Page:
state of the family

“How’s life in Cambodia?”

What a great question. And my answer depends on my mood. Or how the last 10 minutes have gone. Or how much sweat is dripping off my face and/or pooling in my bra.

“How’s life in Cambodia?”

Amazing. Wonderful. Hard. Hot. A dream come true. Really, really great. Unbelievable. Complicated. Lonely. Really, really hot. Awesome.

I really, truly, no kidding pinch myself every single day here. If I don’t do a literal pinch, I say to myself (and more often, out loud), We live in CAMBODIA.

We live in CAMBODIA.

WE LIVE IN CAMBODIA!!

It’s crazy, really. I mean, I don’t even know if it’s real. Is it real?

This morning we had our Big Assessment for Level 2 (Khmer School). If we passed, we’d move on to Level 3. We passed! The girls did amazing, and we did all right too. I’m so proud of us. Level 3 is where we learn to read and write the Khmer script.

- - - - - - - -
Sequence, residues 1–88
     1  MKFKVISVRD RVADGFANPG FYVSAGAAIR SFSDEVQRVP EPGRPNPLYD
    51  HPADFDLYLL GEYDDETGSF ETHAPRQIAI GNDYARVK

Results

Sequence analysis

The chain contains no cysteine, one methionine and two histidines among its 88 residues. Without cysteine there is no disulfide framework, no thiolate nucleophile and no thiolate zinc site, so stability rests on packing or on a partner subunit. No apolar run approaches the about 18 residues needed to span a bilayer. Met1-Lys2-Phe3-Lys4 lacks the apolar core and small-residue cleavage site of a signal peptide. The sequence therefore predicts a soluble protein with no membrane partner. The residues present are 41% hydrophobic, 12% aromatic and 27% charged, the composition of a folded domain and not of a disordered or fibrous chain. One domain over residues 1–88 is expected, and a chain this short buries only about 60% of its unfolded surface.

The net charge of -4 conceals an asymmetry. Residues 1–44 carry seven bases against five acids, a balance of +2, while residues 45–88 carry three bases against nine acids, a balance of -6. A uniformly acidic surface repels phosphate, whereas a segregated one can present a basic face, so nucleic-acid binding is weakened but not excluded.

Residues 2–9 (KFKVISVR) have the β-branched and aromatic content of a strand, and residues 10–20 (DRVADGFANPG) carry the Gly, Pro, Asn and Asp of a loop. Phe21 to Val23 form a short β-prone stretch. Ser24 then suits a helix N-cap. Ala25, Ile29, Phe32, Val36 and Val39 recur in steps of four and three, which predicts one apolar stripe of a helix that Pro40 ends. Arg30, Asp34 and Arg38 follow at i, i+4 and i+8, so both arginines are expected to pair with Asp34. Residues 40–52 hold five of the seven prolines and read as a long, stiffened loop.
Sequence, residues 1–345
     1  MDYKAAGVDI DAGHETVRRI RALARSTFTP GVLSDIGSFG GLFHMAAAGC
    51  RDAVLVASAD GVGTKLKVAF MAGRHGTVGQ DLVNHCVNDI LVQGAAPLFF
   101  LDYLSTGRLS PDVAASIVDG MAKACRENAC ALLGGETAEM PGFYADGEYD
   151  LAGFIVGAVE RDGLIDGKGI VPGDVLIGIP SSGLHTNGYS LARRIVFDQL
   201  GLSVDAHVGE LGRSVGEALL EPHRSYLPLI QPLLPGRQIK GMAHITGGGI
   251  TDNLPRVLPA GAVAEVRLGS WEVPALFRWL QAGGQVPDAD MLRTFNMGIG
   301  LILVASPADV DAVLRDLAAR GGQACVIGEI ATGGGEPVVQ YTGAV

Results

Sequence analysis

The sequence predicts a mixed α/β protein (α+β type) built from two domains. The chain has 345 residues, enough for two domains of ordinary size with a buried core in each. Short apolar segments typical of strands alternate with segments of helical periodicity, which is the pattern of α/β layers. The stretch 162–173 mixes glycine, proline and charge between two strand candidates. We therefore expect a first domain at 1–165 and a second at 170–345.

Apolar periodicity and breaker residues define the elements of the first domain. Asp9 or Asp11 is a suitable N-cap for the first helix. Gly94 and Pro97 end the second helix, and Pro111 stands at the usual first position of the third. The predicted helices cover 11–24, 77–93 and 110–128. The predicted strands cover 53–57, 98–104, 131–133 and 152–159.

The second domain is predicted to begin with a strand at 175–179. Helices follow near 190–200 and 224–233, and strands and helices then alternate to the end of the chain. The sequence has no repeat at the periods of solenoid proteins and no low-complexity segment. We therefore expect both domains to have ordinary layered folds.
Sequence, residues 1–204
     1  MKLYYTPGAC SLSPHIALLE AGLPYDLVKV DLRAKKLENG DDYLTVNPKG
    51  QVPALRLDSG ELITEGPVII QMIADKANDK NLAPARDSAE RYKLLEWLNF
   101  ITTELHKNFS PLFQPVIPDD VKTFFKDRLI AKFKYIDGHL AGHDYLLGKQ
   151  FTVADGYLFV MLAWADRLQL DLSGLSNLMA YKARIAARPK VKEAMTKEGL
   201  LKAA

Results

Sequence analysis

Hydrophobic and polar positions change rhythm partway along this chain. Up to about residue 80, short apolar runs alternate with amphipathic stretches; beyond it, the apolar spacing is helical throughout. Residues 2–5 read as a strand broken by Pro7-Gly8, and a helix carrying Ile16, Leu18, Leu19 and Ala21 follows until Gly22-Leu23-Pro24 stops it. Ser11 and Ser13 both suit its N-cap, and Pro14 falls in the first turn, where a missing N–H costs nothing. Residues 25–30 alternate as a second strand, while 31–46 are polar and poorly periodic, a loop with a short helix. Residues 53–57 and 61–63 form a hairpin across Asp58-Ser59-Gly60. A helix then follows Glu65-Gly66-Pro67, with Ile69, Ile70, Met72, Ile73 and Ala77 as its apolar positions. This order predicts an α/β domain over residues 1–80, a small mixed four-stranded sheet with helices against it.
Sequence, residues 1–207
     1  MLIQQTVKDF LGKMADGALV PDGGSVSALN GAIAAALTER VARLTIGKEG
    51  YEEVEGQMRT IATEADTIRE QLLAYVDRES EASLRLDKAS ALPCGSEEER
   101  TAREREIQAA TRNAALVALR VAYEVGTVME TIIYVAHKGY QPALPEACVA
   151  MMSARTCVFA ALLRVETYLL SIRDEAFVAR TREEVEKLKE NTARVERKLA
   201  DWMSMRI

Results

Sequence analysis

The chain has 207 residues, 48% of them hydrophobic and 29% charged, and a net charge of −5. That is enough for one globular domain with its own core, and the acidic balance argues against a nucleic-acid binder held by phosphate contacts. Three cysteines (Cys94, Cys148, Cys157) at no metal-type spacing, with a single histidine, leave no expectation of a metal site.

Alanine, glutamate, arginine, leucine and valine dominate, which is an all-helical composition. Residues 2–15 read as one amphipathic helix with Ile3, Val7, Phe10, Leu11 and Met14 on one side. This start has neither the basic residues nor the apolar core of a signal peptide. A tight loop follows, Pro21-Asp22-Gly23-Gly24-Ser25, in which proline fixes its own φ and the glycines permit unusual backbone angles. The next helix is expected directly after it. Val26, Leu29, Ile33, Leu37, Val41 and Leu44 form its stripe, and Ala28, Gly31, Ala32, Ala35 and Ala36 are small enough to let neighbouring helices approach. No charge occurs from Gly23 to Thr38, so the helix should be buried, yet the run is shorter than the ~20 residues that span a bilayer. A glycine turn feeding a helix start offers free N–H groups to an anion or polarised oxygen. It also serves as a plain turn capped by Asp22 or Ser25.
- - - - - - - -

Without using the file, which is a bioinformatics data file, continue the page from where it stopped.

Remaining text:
Hold me.

No, I’m actually excited. For as long as I can remember (3+ decades), it’s been my dream to learn a second language. Like, really, really learn it. This is an honest-to-goodness dream come (coming) true. It hasn’t been easy, but it’s not killer hard either. Our school is amazing. Our teachers are fabulous. And, so far, God has provided the $ we need to continue. (We need $600 more for Level 3. If you’d like to help us out, click here.)

My most favorite thing ever is using our budding Khmer with the people we meet in our daily lives. Fruit sellers, servers at restaurants, neighbors, our sweet tuk-tuk driver, people we meet when we’re out and about. It’s really really cool, and it’s got me itching to learn more and learn fast.